11

I have documents with a simple (string-)array property.

{
     "id": "one",
     "tags": ["A", "B"]
}

{
     "id": "two",
     "tags": ["A", "C"]
}

To check, if a value is part of an array, I could use ARRAY_CONTAINS

SELECT * FROM c WHERE ARRAY_CONTAINS(c.tags, "B")

will return document "one".

How could I query for documents with a list of possible values in the array?

Return all Documents where at least one value of the tags array are IN("B", "C").
-> documents "one" and "two"

6

You can combine the JOIN operator , which is used to form cross products with nested array elements, with the IN operator.

SELECT docs
FROM docs
JOIN tags IN docs.tags
WHERE tags IN ("B", "C")

Note that because you are creating a cross product, that you will get a result for each matching child element, rather than for each document.

Alternatively you could combine several ARRAY_CONTAINS with OR operators, or write a UDF.

3
  • Thank you! That almost solved it. No * for Join queries and () instead of [] Jul 8 '15 at 8:17
  • Oops - fixed the query :)
    – Andrew Liu
    Jul 9 '15 at 6:35
  • now distinct function is available and you could do with SELECT DISTINCT docs from ...
    – irriss
    Dec 3 '18 at 5:29
3

I've managed to reach solution with User Defined Functions suggested by Andrew Liu, because - as he mentioned - this JOIN approach is returning cross product, so every single match is given as a result.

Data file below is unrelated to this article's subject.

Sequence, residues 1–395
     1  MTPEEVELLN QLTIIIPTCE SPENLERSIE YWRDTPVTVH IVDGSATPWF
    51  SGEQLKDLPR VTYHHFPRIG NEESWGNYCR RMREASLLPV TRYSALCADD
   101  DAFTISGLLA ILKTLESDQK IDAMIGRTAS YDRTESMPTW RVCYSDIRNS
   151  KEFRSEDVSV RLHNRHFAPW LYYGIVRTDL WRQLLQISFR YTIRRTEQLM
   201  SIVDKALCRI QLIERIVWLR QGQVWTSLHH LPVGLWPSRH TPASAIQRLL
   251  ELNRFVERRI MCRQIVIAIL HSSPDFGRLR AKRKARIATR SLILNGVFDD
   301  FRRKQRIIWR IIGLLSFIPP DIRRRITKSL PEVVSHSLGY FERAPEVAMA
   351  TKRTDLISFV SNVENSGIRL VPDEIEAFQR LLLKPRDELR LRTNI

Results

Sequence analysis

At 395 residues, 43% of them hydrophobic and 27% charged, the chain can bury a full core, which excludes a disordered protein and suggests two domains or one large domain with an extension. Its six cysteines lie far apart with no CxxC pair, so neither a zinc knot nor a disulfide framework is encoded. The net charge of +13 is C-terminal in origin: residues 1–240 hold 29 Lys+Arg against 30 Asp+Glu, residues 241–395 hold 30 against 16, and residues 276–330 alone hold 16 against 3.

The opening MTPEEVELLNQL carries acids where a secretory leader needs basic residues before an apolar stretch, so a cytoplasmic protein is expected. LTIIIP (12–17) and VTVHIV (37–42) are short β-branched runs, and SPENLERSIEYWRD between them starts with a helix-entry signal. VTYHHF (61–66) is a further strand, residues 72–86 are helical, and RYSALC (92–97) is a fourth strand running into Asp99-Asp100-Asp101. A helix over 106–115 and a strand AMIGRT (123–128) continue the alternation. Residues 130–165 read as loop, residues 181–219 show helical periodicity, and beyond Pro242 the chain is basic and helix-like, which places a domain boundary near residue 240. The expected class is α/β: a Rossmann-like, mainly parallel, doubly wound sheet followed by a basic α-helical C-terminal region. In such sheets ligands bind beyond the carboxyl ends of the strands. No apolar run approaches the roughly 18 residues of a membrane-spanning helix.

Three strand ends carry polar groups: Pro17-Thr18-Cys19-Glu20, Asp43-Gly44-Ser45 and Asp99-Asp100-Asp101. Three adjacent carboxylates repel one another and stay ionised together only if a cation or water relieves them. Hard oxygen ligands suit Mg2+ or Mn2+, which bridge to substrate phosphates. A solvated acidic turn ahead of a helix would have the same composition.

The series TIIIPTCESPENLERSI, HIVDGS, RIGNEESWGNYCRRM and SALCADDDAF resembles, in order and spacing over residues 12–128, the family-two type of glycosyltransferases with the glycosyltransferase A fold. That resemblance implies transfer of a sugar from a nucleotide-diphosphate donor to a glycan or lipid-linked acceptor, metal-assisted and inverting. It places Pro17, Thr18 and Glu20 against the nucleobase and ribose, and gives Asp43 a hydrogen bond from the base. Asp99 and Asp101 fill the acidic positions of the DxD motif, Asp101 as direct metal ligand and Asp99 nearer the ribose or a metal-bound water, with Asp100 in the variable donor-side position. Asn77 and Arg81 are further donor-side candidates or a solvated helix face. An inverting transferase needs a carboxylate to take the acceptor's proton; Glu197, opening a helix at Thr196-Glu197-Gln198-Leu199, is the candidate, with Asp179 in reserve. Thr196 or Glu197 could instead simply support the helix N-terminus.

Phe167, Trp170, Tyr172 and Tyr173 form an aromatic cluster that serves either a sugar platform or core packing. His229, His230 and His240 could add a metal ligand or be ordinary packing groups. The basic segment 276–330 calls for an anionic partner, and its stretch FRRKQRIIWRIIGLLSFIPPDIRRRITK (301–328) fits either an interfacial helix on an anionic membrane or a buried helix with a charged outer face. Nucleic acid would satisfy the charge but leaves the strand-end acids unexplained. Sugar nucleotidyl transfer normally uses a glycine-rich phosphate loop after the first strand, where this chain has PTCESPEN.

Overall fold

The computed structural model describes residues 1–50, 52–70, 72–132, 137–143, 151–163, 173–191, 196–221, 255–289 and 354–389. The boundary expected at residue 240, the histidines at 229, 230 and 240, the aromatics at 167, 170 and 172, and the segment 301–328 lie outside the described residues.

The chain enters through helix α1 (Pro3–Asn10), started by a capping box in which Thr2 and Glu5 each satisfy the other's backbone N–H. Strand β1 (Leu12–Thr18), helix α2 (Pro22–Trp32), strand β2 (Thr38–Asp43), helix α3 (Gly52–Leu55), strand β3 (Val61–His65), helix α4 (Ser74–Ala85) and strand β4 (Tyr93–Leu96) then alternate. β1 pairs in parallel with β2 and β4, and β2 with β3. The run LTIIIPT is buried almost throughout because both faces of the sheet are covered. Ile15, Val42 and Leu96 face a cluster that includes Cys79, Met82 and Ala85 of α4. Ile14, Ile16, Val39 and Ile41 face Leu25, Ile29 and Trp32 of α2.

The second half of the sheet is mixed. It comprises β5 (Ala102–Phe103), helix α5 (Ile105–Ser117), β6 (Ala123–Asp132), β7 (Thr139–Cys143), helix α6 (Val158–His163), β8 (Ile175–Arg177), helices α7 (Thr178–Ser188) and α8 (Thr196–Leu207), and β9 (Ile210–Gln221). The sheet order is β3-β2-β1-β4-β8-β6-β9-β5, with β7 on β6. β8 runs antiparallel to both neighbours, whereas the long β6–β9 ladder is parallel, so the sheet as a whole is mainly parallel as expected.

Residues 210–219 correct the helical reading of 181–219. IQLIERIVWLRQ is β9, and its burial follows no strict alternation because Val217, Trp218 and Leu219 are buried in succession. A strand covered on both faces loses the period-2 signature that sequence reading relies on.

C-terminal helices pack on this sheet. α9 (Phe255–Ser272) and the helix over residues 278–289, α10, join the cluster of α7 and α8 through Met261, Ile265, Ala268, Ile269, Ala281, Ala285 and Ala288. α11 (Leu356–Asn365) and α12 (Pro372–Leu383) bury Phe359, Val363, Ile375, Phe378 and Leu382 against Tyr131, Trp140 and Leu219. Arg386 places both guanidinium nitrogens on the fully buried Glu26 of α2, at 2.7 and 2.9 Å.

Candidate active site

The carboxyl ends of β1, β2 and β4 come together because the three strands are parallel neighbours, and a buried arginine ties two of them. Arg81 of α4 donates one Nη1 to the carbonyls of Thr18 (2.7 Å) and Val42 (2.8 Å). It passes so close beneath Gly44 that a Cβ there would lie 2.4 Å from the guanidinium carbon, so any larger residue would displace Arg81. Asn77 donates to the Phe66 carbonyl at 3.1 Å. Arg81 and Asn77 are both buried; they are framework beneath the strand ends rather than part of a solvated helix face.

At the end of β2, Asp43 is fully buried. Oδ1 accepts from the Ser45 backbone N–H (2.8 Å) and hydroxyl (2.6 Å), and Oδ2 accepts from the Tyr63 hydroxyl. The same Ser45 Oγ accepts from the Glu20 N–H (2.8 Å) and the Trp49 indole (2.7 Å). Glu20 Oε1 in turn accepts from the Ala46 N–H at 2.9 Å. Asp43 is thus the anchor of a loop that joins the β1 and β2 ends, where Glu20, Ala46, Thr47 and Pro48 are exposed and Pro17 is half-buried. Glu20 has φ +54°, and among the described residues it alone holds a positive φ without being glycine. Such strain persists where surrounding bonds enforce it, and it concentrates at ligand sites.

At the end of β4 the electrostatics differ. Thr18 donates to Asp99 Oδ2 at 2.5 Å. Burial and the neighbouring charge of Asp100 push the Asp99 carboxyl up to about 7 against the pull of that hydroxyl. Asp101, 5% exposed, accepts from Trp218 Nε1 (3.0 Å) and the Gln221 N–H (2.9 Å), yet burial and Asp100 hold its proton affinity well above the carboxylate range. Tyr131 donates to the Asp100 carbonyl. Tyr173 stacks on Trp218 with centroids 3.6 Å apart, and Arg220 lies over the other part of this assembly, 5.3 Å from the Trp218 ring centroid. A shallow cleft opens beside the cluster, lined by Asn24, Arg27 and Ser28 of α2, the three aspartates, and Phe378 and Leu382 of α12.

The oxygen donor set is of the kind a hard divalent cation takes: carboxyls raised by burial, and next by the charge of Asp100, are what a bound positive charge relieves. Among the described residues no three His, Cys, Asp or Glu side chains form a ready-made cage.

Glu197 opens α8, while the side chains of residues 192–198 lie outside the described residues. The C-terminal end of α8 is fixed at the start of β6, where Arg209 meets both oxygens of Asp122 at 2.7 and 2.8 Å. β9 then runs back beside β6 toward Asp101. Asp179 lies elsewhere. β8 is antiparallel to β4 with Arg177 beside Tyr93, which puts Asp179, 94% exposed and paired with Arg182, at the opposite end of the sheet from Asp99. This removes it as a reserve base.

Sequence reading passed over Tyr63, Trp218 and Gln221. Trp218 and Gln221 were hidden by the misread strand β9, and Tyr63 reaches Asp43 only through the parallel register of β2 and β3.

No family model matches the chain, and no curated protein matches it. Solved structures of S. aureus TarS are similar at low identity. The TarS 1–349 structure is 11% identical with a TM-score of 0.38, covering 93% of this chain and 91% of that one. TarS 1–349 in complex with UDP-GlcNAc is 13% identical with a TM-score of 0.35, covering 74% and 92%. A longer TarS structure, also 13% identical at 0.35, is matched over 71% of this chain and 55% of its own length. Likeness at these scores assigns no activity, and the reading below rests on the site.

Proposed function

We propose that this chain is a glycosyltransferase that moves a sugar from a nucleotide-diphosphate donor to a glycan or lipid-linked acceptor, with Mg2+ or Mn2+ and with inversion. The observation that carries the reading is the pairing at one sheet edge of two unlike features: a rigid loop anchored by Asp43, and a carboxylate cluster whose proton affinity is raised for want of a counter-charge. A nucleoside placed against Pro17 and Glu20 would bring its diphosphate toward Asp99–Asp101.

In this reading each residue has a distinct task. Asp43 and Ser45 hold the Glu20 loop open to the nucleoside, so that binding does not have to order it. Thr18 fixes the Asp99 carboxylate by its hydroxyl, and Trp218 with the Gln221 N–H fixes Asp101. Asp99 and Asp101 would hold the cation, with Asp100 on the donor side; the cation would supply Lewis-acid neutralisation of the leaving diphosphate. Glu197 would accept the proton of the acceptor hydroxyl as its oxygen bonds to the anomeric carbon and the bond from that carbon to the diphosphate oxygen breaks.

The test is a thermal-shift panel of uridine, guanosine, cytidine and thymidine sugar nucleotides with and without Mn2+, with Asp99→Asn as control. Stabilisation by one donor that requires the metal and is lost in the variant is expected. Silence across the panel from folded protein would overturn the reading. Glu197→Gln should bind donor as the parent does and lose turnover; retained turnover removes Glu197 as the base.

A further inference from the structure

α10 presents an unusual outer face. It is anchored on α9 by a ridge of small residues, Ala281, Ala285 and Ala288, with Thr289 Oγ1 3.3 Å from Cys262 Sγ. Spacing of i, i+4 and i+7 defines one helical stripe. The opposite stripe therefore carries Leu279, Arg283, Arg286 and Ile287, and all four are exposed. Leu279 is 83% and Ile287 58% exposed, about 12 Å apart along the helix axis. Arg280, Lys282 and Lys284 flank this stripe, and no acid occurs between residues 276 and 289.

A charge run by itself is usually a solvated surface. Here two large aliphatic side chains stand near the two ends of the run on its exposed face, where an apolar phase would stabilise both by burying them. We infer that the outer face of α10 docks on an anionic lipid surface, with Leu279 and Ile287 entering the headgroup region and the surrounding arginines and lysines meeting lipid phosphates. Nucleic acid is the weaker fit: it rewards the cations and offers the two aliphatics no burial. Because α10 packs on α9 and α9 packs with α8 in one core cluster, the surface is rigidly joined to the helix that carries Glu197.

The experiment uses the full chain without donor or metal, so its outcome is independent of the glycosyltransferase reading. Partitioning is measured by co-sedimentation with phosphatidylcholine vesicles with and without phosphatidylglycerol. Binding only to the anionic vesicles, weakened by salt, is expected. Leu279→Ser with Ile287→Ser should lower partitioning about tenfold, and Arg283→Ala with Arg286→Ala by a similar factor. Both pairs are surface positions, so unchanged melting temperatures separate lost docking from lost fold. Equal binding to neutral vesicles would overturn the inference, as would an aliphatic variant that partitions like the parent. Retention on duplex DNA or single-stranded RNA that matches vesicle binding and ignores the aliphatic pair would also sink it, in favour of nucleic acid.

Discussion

In my case I needed to determine if a user is authorized to see the document - it is reached by group assignment. Each user has list of his groups and each document has a list of groups allowed to view its content.

For described example, imagine that we have a document which has allowed groups ["g1","g2","g3"] and a user which can view documents in groups ["g1","g3"].

With usage of our SQL JOIN method, when we will look for available documents, document described above will be returned twice. Maybe I wouldn't have cared about this if the Distinct function would be available for DocumentDB, but currently it is not (but you can still vote for it).

UDF are defined by using javascript so the code responsible for determining if two lists (arrays) have common element could look like below:

function(array1, array2) {
   return array1.some(function (v) {
       return array2.indexOf(v) >= 0;
   });
}

To define such script from C# code you can follow this snippet:

UserDefinedFunction udf =
            _client.CreateUserDefinedFunctionQuery(_collection.UserDefinedFunctionsLink)
                .Where(x => x.Id == "ArraysHasCommonElem")
                .AsEnumerable()
                .FirstOrDefault();

        if (udf == null)
        {
            udf = new UserDefinedFunction
            {
                Body = @"function(array1, array2) {
                            return array1.some(function (v) {
                                return array2.indexOf(v) >= 0;
                            });
                        }",
                Id = "ArraysHasCommonElem"
            };
            await _client.CreateUserDefinedFunctionAsync(collectionUri.SelfLink, udf);
}

Finally to run working SQL query remeber about 'udf' prefix required before every User Defined Function call:

SELECT * FROM docs 
WHERE udf.ArraysHasCommonElem(your_array1, your_array2)
1

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